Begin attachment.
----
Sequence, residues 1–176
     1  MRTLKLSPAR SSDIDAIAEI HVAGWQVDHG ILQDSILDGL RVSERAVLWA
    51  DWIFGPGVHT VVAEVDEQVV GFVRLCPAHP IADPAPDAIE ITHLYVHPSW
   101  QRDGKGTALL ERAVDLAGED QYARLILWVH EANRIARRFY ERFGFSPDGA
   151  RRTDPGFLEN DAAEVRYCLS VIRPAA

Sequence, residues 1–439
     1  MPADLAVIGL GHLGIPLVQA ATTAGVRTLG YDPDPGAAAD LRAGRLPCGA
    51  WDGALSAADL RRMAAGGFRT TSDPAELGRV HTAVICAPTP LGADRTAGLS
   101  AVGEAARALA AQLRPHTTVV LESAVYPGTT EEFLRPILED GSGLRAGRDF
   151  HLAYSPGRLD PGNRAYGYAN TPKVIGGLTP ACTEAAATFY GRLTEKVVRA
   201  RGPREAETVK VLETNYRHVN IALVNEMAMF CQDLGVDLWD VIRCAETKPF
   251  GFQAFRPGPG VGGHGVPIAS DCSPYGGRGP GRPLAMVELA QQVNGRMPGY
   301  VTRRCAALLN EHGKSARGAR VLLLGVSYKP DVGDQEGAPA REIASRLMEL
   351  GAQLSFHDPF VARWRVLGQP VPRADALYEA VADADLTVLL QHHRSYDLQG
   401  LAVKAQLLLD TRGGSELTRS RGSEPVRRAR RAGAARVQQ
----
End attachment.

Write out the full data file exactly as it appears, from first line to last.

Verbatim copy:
Sequence, residues 1–176
     1  MRTLKLSPAR SSDIDAIAEI HVAGWQVDHG ILQDSILDGL RVSERAVLWA
    51  DWIFGPGVHT VVAEVDEQVV GFVRLCPAHP IADPAPDAIE ITHLYVHPSW
   101  QRDGKGTALL ERAVDLAGED QYARLILWVH EANRIARRFY ERFGFSPDGA
   151  RRTDPGFLEN DAAEVRYCLS VIRPAA

Sequence, residues 1–439
     1  MPADLAVIGL GHLGIPLVQA ATTAGVRTLG YDPDPGAAAD LRAGRLPCGA
    51  WDGALSAADL RRMAAGGFRT TSDPAELGRV HTAVICAPTP LGADRTAGLS
   101  AVGEAARALA AQLRPHTTVV LESAVYPGTT EEFLRPILED GSGLRAGRDF
   151  HLAYSPGRLD PGNRAYGYAN TPKVIGGLTP ACTEAAATFY GRLTEKVVRA
   201  RGPREAETVK VLETNYRHVN IALVNEMAMF CQDLGVDLWD VIRCAETKPF
   251  GFQAFRPGPG VGGHGVPIAS DCSPYGGRGP GRPLAMVELA QQVNGRMPGY
   301  VTRRCAALLN EHGKSARGAR VLLLGVSYKP DVGDQEGAPA REIASRLMEL
   351  GAQLSFHDPF VARWRVLGQP VPRADALYEA VADADLTVLL QHHRSYDLQG
   401  LAVKAQLLLD TRGGSELTRS RGSEPVRRAR RAGAARVQQ